Albany County Legislator Richard Mendick doesn't want to tell you who to vote for he just wants to change the way elections are run.
Mendick introduced a new piece of legislation Monday, May 12, to have the costs of elections fall on the proper municipality or city they're held in.
My issue is really one of methodology," said Mendick, C-R-Bethlehem, whose bill would allocate the expense of an election between the suburban municipalities and cities in a more fair fashion than Mendick said is currently being practiced.
According to a chart of 2006 figures Mendick supplied to Spotlight Newspapers, the actual election costs for Colonie were $110,335, whereas the charge-backs from Albany County made the total for Colonie $214,533. In essence, Colonie lost about $104,198.
Peter Gannon, director of operations for the Town of Colonie, said that the town supports Mendick's initiative for election cost reform, but that the town would have to "wait and see" if it will work.
"We've looked at the proposal and there is certainly some merit to the proposal," said Gannon. "We're interested in looking at more equitable solutions, but the answer might not necessarily rely on the cost shift."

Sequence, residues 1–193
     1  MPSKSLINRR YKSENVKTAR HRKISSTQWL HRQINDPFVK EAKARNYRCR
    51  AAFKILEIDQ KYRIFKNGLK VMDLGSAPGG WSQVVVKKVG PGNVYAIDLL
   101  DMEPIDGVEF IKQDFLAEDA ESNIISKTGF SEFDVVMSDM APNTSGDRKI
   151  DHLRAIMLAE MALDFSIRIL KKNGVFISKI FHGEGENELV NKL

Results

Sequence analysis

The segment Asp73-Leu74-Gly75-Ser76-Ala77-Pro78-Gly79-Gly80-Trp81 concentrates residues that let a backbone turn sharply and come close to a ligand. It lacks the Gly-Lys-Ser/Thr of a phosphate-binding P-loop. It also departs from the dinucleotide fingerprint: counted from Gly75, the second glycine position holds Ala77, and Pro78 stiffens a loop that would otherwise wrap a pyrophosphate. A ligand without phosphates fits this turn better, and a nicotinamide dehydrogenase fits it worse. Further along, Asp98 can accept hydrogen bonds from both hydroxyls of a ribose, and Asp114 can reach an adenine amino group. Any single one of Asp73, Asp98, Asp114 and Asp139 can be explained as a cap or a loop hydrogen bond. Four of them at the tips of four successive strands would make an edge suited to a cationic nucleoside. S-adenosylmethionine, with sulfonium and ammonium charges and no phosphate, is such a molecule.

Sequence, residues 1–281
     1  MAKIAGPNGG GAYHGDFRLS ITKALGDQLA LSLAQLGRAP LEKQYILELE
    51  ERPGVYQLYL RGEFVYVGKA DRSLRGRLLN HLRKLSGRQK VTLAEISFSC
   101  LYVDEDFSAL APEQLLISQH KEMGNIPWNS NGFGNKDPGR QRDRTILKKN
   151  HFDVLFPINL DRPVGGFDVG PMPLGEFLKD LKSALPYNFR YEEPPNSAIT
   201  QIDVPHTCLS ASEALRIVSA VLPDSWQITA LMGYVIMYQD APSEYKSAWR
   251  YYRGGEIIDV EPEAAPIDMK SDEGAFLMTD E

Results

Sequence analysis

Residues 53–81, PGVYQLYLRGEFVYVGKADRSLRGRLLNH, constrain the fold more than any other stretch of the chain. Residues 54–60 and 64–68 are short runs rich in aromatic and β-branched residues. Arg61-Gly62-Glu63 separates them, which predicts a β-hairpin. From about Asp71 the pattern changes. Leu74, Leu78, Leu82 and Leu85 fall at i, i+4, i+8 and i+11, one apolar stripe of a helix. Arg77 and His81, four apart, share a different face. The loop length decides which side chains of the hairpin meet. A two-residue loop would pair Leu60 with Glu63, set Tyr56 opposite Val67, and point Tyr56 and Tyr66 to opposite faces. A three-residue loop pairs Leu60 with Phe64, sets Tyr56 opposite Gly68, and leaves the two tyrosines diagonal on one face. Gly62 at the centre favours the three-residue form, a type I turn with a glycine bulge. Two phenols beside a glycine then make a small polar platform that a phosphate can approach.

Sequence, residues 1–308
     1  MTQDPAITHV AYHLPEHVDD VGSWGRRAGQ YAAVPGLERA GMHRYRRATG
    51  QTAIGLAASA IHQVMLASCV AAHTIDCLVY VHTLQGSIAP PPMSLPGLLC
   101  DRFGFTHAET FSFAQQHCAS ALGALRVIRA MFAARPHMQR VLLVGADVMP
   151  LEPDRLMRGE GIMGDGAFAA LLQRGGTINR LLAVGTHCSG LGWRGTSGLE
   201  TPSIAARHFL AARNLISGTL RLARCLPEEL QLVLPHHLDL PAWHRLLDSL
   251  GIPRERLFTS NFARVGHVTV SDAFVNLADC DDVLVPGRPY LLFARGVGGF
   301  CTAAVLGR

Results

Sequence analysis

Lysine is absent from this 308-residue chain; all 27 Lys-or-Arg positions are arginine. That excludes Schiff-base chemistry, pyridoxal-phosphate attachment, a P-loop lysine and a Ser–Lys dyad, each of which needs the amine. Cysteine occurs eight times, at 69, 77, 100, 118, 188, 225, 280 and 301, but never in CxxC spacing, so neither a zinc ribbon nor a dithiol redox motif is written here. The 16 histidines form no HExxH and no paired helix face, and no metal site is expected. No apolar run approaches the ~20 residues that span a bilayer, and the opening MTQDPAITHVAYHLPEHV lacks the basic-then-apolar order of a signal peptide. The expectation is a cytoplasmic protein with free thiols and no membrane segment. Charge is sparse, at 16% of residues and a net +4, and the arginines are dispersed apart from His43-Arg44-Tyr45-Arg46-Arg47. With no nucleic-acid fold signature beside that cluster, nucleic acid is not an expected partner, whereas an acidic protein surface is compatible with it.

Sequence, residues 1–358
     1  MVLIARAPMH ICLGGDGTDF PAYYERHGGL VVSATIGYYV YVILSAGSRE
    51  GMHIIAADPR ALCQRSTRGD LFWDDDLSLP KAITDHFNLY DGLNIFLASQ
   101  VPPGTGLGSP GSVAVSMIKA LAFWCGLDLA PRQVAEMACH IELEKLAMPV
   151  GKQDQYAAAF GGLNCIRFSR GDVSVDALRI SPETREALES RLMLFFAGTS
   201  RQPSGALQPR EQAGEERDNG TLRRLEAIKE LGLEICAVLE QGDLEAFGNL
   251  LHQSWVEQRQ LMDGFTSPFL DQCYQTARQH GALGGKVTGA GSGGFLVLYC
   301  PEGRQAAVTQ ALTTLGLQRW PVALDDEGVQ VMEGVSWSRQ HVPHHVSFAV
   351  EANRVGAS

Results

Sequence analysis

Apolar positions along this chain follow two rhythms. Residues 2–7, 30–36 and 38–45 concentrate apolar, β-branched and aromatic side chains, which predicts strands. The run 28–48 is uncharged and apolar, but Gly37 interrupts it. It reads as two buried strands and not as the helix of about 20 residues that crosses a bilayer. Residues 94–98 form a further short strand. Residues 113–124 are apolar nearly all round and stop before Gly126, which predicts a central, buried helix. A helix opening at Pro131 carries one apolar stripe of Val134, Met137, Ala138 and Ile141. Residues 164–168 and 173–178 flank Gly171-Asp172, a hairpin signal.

Commissioner of the Albany County Board of Elections, Matthew Clyne, said that the election process overall has become increasingly more expensive since the federal government mandated use of electric voting machines in 2002 as part of the Help America Vote Act.
While the county does not yet have all the electric machines it was supposed to have by 2006, said Clyne, the cost of an election with the old lever machines was about $3.50 for the entire day, whereas with the new, electric machines the cost is around $.50 per vote.
"We're anticipating [upcoming election costs] based on a number of polling sites," said Clyne, "Which is a little different, because of the ability of the electronic machines."